Short for "stepover toehold sleeper", this hold is a modified version of an STF in which the wrestler wraps their arm around the neck of the opponent in a sleeper hold instead of pulling back on the head of the opponent.
Invented by Masahiro Chono. Also known as a keylock. This armlock sees the wrestler grappling the opponent's wrist with the similar hand for example, if they uses the right arm, they would grab the opponent's right wrist , and with the opponent's wrist still clutched, the wrestler bends the opponent's arm of the grappled wrist towards or behind the opponent's head.
Then, the wrestler passes their other free arm through the "hole" formed by the opponent's bent arm under the biceps, and then catches the opponent's grappled wrist.
This would result in the opponent's arm being shaped into a 4. As the opponent's wrist is grabbed by both opponent's hands, along with the bent arm, this applies effective pressure into the opponent.
The maneuver can be executed on a standing or a downed facing upwards opponent. This move has been used by many wrestlers for many years.
The wrestler approaches an opponent lying against any set of ropes and grabs one of the opponent's wrists with their similar arm.
The wrestler then pins the arm with the grappled wrist against the second or top rope to the outside of the ring, passes their other arm from under the opponent's biceps, and grapples the opponent's wrist.
The whole maneuver would force the opponent's arm to be bent in the number "4" shape, applying more pressure as the arm is trapped between the second or top rope.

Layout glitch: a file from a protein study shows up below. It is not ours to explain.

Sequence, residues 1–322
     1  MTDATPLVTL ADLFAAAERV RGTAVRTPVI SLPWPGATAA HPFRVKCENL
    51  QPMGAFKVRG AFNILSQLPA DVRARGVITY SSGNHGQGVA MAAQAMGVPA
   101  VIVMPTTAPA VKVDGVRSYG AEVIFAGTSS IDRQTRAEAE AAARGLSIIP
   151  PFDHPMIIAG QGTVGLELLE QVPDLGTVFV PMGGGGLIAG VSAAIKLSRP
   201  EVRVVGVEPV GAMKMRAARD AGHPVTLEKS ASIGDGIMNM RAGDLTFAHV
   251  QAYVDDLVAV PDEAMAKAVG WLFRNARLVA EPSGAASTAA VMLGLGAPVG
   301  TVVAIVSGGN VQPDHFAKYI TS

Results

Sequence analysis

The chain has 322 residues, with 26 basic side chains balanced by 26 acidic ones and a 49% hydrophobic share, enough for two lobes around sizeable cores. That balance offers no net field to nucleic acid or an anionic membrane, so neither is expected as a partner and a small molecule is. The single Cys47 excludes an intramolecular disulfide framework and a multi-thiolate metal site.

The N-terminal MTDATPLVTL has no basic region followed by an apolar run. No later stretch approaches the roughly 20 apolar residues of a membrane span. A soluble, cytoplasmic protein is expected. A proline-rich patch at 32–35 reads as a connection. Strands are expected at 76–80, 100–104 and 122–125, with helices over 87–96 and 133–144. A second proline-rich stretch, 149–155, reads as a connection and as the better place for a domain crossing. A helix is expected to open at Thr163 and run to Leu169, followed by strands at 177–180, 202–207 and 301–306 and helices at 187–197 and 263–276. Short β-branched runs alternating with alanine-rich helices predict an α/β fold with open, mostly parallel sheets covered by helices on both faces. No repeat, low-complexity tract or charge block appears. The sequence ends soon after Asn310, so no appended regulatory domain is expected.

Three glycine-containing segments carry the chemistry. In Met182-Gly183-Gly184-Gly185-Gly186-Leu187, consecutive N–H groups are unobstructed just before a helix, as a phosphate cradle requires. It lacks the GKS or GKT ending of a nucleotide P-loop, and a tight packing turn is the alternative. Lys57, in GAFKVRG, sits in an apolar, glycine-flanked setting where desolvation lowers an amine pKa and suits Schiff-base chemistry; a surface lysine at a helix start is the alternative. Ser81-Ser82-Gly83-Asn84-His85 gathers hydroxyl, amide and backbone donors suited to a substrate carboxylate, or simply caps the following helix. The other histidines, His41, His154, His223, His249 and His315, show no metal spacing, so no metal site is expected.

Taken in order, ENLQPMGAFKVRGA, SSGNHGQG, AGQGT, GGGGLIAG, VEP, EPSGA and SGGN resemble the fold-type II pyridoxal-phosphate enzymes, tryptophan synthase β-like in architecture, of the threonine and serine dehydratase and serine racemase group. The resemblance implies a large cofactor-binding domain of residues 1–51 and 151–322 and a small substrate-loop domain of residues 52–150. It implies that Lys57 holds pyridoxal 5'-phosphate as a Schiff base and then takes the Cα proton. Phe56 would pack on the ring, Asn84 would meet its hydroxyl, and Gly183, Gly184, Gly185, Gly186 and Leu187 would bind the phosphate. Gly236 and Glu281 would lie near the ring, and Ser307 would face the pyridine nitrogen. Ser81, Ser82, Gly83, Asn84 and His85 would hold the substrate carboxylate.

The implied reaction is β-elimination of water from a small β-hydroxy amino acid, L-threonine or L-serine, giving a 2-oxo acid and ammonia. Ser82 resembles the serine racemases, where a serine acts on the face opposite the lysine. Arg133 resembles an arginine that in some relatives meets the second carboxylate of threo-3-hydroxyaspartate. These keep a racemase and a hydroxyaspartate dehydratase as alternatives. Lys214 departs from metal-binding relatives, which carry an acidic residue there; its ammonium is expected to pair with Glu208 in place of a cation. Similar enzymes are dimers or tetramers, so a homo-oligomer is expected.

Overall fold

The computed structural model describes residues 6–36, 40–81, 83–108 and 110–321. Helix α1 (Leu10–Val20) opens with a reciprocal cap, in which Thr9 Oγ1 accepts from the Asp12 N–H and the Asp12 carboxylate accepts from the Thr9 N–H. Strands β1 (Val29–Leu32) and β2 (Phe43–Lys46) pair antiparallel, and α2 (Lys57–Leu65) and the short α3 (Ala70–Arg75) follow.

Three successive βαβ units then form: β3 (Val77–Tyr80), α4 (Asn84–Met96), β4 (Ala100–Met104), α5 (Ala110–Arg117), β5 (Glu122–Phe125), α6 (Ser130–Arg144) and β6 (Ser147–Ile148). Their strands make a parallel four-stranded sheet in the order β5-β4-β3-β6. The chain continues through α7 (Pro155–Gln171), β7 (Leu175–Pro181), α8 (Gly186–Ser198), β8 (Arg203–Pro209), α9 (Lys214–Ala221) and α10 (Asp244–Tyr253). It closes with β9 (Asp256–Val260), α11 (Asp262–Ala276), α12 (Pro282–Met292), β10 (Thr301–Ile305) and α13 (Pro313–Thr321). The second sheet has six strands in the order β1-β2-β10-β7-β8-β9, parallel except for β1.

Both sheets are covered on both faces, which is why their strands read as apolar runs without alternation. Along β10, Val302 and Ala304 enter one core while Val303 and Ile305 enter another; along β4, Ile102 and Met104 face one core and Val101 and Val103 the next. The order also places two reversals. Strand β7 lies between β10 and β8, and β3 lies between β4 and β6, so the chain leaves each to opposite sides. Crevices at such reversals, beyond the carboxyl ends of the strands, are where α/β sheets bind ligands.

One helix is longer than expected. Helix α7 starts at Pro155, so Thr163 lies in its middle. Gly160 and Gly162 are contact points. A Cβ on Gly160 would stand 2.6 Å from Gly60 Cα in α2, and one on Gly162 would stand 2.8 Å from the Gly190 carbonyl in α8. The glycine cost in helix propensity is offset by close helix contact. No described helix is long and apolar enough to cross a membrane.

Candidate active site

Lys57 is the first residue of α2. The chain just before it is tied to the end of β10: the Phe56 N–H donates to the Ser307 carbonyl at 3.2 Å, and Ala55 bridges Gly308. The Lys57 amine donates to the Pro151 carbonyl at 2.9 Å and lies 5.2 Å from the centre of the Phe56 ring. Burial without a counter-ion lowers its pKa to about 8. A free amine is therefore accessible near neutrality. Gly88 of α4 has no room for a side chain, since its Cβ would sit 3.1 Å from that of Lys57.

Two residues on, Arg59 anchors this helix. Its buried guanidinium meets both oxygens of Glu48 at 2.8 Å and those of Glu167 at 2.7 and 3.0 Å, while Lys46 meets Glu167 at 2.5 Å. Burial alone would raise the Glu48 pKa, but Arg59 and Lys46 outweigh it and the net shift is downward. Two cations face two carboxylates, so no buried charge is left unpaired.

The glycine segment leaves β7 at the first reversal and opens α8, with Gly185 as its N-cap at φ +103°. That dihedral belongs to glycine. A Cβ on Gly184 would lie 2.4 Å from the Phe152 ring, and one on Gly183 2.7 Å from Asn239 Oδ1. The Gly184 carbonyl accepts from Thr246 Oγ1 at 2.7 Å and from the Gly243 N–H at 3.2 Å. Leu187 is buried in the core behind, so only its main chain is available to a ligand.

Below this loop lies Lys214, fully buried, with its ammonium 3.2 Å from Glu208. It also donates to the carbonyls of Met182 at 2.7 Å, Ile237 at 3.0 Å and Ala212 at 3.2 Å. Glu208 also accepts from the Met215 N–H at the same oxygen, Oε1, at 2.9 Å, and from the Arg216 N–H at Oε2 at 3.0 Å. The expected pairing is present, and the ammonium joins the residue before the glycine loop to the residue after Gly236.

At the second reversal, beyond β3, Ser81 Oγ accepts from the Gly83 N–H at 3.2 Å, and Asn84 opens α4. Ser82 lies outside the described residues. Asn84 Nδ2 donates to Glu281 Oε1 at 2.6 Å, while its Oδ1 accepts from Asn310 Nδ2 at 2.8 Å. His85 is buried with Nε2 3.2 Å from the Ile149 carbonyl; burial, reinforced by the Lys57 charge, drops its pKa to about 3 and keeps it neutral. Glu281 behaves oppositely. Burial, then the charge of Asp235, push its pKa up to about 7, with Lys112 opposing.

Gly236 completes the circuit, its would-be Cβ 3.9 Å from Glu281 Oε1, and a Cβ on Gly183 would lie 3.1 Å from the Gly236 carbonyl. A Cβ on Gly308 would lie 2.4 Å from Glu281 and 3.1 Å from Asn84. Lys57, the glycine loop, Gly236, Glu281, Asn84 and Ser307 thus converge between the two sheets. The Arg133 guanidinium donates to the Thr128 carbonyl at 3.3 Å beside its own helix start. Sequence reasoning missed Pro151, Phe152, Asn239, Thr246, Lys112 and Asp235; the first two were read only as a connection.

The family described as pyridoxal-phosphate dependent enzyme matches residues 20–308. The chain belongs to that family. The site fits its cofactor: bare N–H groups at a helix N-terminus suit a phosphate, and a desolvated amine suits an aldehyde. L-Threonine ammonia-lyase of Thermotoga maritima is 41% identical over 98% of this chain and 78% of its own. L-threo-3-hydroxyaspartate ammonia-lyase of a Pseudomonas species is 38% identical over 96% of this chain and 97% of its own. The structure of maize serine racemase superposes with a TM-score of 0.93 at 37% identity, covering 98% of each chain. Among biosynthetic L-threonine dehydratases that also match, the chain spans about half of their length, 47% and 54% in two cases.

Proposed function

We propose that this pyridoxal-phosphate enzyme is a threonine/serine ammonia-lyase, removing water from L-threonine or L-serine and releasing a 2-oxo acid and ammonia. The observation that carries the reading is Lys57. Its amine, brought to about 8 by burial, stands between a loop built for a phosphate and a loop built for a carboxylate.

The rope-hung figure-four armlock can be also grappled through the bottom rope, if the opponent is lying against it. Also known as a spinning armlock.
The standing attacking wrestler grabs the wrist of a face down opponent, pulling it towards themselves, then steps over the opponent's outstretched arm, placing one leg to either side.
From this point, the wrestler turns degrees, simultaneously bending the arm of the opponent around the attacker's own leg. The wrestler can over-rotate or turn again to apply more pressure on the arm.
The stepover armlock is similar in execution to the spinning toe hold , except that the wrist is held instead of the foot.
The wrestler takes hold of the opponent's arm and twists it, putting pressure on the shoulder and elbow. This may sometimes be preceded by an arm wrench.